About 26 million people worldwide have Alzheimer’s disease. Currently, there are about 5.3 million Americans suffering from it and the figure is said to rise to around 16 million by 2050.
No Specific Dietary Supplementation or Lifestyle Intervention can Prevent or Alter the Course of Alzheimer’s DiseaseThere is no conclusive evidence to prove that any specific dietary supplementation or lifestyle intervention can prevent or alter the course of Alzheimer’s disease. These were the findings of a panel of 15 experts called together by the National Institutes of Health (NIH) from different fields of specialties like geriatrics, long term care, nursing, psychiatry, etc.
According to the panel, there are several risk factors for the disease. Old age is the strongest factor associated with Alzheimer’s. Besides that, people carrying a specific variant of the apolipoprotein E or APOE gene are also at greater risk. It is more common in people of a dark skin tone. Certain diseases like diabetes, high cholesterol and cardiovascular diseases are said to increase the risk of getting Alzheimer’s disease. Similarly, certain diets, like the Mediterranean diet, which is high in polyunsaturated fatty acids (PUFA), fruits and vegetables, and cutting back on unhealthy habits like smoking and drinking are said to decrease the risk of Alzheimer’s. Some other studies have suggested that mental exercises, which keep the brain agile, help in reducing the incidence of the disease. However, experts have failed to find any conclusive evidence in support of these factors.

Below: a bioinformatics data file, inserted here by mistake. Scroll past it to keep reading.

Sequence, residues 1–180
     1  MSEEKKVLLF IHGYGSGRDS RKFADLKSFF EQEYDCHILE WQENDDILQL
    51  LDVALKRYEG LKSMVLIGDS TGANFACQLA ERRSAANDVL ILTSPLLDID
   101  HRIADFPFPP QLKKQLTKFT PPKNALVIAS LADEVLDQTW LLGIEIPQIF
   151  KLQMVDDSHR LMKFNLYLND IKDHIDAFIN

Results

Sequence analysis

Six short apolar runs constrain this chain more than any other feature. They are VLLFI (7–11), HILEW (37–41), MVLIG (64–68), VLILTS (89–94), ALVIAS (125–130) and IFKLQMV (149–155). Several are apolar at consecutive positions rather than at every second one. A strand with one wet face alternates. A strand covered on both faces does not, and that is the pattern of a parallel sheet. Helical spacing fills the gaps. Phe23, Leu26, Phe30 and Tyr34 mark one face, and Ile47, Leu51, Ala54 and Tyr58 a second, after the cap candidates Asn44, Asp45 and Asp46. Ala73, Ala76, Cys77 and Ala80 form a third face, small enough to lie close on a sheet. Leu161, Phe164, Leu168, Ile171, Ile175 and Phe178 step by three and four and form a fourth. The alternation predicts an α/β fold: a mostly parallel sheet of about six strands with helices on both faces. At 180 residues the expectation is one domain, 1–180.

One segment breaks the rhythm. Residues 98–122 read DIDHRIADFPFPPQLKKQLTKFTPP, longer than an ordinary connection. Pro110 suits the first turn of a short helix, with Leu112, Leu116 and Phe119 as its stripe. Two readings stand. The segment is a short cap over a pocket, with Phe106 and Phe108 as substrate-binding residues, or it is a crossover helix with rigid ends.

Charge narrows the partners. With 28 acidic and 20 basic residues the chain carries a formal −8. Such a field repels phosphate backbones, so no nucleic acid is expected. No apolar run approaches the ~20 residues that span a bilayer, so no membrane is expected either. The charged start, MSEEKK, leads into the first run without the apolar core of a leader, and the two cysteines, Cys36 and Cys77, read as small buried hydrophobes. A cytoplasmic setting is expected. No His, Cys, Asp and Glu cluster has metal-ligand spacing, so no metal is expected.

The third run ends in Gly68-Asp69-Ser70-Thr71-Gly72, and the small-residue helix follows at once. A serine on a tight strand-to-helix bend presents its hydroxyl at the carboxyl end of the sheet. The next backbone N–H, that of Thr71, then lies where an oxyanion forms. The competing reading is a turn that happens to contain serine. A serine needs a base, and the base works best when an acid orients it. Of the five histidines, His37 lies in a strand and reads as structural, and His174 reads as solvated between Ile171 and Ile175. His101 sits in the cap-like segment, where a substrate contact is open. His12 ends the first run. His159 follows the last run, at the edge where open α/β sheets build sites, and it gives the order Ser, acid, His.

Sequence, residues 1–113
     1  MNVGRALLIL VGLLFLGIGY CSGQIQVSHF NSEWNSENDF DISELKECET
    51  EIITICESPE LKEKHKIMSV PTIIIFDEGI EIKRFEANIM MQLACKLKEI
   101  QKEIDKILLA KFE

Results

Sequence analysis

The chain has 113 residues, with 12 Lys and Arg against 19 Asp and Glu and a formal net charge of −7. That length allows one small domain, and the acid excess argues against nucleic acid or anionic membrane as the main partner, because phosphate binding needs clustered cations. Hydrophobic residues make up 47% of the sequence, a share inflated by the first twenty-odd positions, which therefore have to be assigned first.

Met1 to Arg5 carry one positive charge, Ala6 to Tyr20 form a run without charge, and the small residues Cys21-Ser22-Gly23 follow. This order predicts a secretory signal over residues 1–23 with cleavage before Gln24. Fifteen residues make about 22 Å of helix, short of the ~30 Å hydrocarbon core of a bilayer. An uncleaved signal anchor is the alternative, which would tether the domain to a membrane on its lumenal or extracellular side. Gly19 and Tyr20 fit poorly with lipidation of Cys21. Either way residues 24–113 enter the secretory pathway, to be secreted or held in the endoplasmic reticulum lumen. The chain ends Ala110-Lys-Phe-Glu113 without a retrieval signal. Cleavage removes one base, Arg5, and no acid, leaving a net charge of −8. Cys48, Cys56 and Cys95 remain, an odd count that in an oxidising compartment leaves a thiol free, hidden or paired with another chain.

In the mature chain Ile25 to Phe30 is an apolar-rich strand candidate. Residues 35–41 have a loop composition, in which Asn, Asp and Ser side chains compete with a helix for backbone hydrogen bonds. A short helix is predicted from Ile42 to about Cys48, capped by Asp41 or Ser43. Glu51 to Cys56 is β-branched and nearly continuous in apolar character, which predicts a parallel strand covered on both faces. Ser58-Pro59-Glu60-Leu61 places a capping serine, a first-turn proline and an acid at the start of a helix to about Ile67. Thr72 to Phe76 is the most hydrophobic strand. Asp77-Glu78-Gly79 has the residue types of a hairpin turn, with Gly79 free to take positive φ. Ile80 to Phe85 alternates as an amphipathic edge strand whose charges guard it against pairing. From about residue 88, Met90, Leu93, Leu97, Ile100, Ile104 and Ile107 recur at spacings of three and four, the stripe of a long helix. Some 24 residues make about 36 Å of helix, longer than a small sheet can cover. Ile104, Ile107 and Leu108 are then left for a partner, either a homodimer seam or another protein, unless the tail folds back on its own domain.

Maintaining a Healthy Lifestyle and Avoiding Major Risk Factors for Cardiovascular Diseases may prove Beneficial in Preventing Alzheimer’s tooExperts have long associated the health of the heart to the health of the brain. Therefore, maintaining a healthy lifestyle and avoiding major risk factors for cardiovascular diseases may prove beneficial in preventing Alzheimer’s too. It has been hypothesized that controlling your blood pressure, blood sugar and body weight- the factors which control the risk of suffering from any cardiovascular disease, may be helpful in stalling Alzheimer’s disease as well.
Alzheimer’s is a disease of the old. Of the 5.4 million Americans with the disease, an estimated 4 percent are under 65, 6 percent are 65 to 74, 45 percent are 75 to 84, and 45 percent are 85 or older. Moreover, the pathophysiology of the disease is still not very clear. We are not certain whether the amyloid plaques found in the brains of people suffering from Alzheimer’s are a symptom or a cause of the disease. A lot of investigation is still required to know about the nature of the disease, its risk factors and the changes that can be introduced in our dietary habits and lifestyle so that we can prevent the disease.
As Alzheimer’s is more common in elderly people, it is felt that the oxidative and inflammatory stress related to the aging process, may be the cause behind the degeneration of the brain cells. Therefore, antioxidant nutrients like vitamin C, beta- carotene and omega-3 polyunsaturated fatty acids have been recommended.
Similarly, remaining physically active, socially engaged and mentally agile may decrease the rate of neuronal degeneration. Physical and mental exercises to achieve these goals may prevent Alzheimer’s.
Until any conclusive evidence is found in this direction, we can just speculate and lead a healthy lifestyle in anticipation that this may prevent the development of Alzheimer’s disease.